As we have repeatedly seen throughout economic and financial history, technological mega trends can last for decades and have very significant positive impacts on people’s lives. They also tend to end, either fully or partially, in excessive booms that transition into bubbles, with severe implications for global investors. Looking at the complete picture, it is not necessarily as bad as it sounds. The benefits of healthy technological developments that run for years and decades can overwhelm the eventual correction. The short-term effect, however, can be painful for societies and devastating for the individual person and investors. In England, Europe and North America, railways played a large and long-lasting role in the industrial revolution and the broader expansion and industrialisation. Of course, this did not entirely justify the fact that railways stocks ended up comprising 63% of the total market cap of the US equity market and close to 50% in the UK market in 1900. Back then, the UK market was 25% of global market cap while the US was 15%2 . This is a good example of a fundamentally beneficial technological development ending up in a bubble and it shows how a "good story" helps building a boom-bust cycle. A similar pattern was seen in US and global housing. After delivering decades of improvement in living standards, the sector went into overdrive (assisted by finance) and imploded into the global financial crises. In the same way, the green transformation of the transport and energy sectors, agriculture, manufacturing, and consumption is set to play a key role both in the ongoing global recovery and eventually in the formation of the next bubble. As the story gets better and the fundamental improvements become tangible, overinvestment is likely to occur and along the path to recovery outright misallocations of smaller and larger pools of capital will happen. In summary, while bubbles have a bad reputation, they are often the extension of a very positive transformation of the economy and often come after good investment based on sound risk return assessments and capital allocations having been made in earlier phases.

Table 1: Top 10 holding across ESG, SRI and Technology indices (and ETFs)

Returning to current markets, we are not in the camp of people who argue with certainty that there is currently a bubble across markets in general. That said, there is also not as much diversification across investment opportunities and positions as there is in the story telling accompanying these opportunities. This is revealed by Table 1 which shown company weights across global and US equity indices. These are some of the broadest definitions of the ESG, SRI and Technology themes we find available, but they are also where most capital is invested. They trade on price earnings ratios of between 25 and 40, which is possibly justified by low interest rates and good prospects, but they are not exactly cheap (though the Nasdaq 100 is well below the broader Nasdaq index of PE ratios of approximately 70). And even the most "differentiated" index MSCI World SRI index has a large concentration in technology and in the same names as the other indices. Using the Nasdaq 100 obviously makes this index stand out and look even more extreme in terms of the weight in specific US technology names. However, for the top-down discussion and risk assessment perspective, it serves the purpose of illustrating that these indices are and will be very correlated.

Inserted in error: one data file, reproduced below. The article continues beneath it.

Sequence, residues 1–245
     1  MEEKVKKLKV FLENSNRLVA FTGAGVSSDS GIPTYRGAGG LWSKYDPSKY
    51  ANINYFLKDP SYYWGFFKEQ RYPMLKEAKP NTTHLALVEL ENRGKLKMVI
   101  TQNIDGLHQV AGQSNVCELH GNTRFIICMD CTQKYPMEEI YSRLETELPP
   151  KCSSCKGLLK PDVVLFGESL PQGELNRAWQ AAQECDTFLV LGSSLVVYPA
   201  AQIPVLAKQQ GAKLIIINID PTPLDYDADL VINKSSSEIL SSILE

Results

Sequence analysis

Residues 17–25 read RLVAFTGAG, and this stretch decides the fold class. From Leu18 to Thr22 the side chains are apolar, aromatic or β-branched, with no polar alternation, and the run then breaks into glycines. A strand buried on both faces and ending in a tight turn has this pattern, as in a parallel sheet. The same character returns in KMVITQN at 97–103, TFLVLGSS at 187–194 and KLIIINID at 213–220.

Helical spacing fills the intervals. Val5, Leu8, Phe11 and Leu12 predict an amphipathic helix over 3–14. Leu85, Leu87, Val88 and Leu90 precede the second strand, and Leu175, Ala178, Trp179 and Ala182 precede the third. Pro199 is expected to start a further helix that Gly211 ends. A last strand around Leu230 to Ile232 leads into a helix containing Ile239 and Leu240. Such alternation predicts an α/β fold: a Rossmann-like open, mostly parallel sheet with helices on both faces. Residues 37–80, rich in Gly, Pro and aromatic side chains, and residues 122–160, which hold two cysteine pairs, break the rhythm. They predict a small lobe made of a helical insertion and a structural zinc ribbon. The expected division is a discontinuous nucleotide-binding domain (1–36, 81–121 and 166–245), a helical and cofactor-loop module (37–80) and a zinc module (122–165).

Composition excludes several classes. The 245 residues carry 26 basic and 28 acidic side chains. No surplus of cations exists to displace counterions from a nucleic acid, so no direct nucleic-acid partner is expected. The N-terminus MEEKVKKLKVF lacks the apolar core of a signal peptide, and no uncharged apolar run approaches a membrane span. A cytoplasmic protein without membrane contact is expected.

If public markets are buoyant, so are Private Equity, Venture and "club deals". And most times public markets crash they take with them private markets. In any case, as with public market there is still a strong demand for PE, VC, small and midcap investment, direct involvement via minority stakes and other forms of private markets. The fact that everyone seems to have a view on Musk, Bezos and Zuckerberg and no one seem to worry about the fact that Buffet and Swensen (Yale Endowment) have both underperformed liquid markets over the last 10 Table 1: Top 10 holding across ESG, SRI and Technology indices (and ETFs) 6 years, while running much higher risks both in terms of liquidity and leverage, indicate that also private market are buoyant and global financial markets are running on all engines. In this perspective it is a little bit scary to think of where we can end-up now that Yellen and Powell together seem to be working towards also running the "real economy" hot. The hedge fund and short selling community obviously had their wake-up call in January, but for the rest of us, this could come any time and when that happens one should expect the indices in table 1 with their overlaps of the key names and themes to move down together, taking with them smaller more specialised funds as well as private market, just like in other crises. Our thesis is therefore that there is mutually reinforcing investment behaviour. This is currently working "on the way up" as yield compression continues and growth enthusiasm prevails. This reinforcing tendency is only likely to get stronger on the way down, and when risk premiums increase, risk aversion becomes acute and future growth becomes less valuable, it is not the average correlation but the extreme correlations of which really matter.

Figure 5: Max drawdown of our Sustainable SEA portfolio vs. the static 100% equity benchmark MSCI World